Effective Decision-Making | Operational Excellence Quick Hits

Quick Hits share weekly tips and techniques on topics related to Operational Excellence. This week’s theme relates to Organizational Performance Part 1: System Thinking. We hope you enjoy the information presented!

, Effective Decision-Making | Operational Excellence Quick Hits, Future State Engineering
, Effective Decision-Making | Operational Excellence Quick Hits, Future State Engineering

Speaker 1: (00:06)
In this session, we’re going to talk about making decisions based on system thinking. What we want to do is we want to make the correct decisions that are best for the organization. If we talk about a system, what is a system? A system is an organized, purposeful structure that consists of interrelated and interdependent processes. Interrelated means that there’s relationships in terms of cause and effect. One action in one department can have negative or positive effects in other departments. Also, interdependent means that one process is dependent on the next process so the second process and the flow here can’t start their work until the first process finishes their work.

Speaker 1: (00:51)
Therefore, a system is a combination of different processes, multiple processes make up an organization, all organizations can be described as a system. What we want to do is we want to think of the organization as a system. The best way to explain this is the chain analogy. If I look at a physical chain, the physical chain has two distinct measurable characteristics, it’s weight and its strength, so the weight of a chain acts like cost in an organization.

Speaker 1: (01:23)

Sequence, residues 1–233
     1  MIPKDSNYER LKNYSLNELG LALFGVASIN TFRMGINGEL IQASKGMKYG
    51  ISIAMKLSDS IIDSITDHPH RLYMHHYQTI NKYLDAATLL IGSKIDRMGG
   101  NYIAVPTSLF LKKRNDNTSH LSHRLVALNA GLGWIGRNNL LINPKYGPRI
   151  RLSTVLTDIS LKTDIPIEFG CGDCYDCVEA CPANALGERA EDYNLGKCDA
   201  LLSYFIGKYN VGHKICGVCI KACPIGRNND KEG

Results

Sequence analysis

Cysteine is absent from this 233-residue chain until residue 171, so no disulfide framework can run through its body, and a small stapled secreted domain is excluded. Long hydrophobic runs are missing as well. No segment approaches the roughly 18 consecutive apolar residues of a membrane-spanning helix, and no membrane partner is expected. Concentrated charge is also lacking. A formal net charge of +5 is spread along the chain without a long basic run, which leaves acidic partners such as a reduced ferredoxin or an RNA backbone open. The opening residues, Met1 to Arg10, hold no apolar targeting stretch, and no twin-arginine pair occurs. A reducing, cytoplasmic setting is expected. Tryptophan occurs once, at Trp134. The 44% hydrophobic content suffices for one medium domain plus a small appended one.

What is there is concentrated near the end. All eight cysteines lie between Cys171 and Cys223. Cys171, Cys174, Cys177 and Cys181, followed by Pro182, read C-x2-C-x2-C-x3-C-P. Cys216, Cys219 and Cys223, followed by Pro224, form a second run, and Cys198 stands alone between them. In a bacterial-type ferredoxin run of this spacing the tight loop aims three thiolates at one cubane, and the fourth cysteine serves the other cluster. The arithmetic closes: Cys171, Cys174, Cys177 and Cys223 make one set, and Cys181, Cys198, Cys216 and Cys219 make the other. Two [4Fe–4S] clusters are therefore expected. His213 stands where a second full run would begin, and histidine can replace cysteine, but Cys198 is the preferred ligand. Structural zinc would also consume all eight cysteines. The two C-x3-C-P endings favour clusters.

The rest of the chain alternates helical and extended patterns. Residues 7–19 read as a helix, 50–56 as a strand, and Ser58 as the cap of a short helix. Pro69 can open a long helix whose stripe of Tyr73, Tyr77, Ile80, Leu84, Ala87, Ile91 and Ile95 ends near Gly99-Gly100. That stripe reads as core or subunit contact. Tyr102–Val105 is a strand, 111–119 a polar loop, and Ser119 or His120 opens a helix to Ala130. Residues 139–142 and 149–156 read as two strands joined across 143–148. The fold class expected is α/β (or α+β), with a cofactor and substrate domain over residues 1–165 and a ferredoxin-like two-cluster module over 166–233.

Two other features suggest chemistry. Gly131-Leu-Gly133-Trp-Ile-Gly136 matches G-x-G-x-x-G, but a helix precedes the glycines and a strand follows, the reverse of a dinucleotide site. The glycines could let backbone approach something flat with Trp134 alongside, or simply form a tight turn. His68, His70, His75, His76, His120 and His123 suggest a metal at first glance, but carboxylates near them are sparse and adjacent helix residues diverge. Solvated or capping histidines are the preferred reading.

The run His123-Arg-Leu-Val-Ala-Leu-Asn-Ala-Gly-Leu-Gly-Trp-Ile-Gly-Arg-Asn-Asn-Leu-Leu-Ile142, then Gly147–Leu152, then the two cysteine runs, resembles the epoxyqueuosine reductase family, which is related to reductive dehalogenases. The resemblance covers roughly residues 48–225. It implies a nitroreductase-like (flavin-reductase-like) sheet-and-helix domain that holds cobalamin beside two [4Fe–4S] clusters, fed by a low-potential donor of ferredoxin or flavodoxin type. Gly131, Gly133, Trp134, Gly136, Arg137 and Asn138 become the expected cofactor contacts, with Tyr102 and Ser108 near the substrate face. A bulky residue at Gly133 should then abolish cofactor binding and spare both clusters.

Therefore, if I know the cost of each department, how do I determine the cost of the organization or the operating expense? I add them up, so cost acts like weight which follows the additive rule. I can also measure the chain’s strength, so a strength is its capacity or its ability to generate throughput. If I look at the different links in this chain that have different capacities, the strength of the chain is determined by the weakest link so I can’t get more capacity out of the system than from the weakest link.

Speaker 1: (01:57)
In this case, the chain has a capacity of 950 pounds. If I want to strengthen the chain, that’s the goal of any organization is to strengthen the chain. If I look at two ways of affecting the chain, one is I can reduce the weight. That’s a cost reduction strategy so we’re not about cost reduction, we’re about strengthening the chain. If I look at reducing the weight of the chain or reducing cost, how would I do that? Well, one way is to remove a link from the chain. That’s acting like outsourcing work to a sub-contractor so I don’t take the work inside, I take and I sub that work out to somebody else.

Speaker 1: (02:37)
Another way is to reduce the size of a link so if I shave the capacity of the link down and make it lighter that’s like laying off workers. The third way I can do that is replace a link with a lighter material so I can invest in new technology that has the same strength but is lower cost. What we really want to do is strengthen the chain so how do make the chain stronger? To me, that’s a growth strategy. There’s only two ways I know to make the chain stronger and that’s to increase the capacity of the weakest link and there’s two ways you can do that.

Speaker 1: (03:11)
One, is to increase the utilization of that resource so if I can get more work out of that resource per unit of time, that’s increasingly utilization. Utilization is looking at how available that resource is over a shift and how many hours it’s actually producing work or value added content. The second way is to increase the throughput of the constraint, so if I can get paid more for each unit that goes through that resource, that’s also strengthening the chain. Again, we need to make decisions based on strengthening the chain, not making the chain lighter.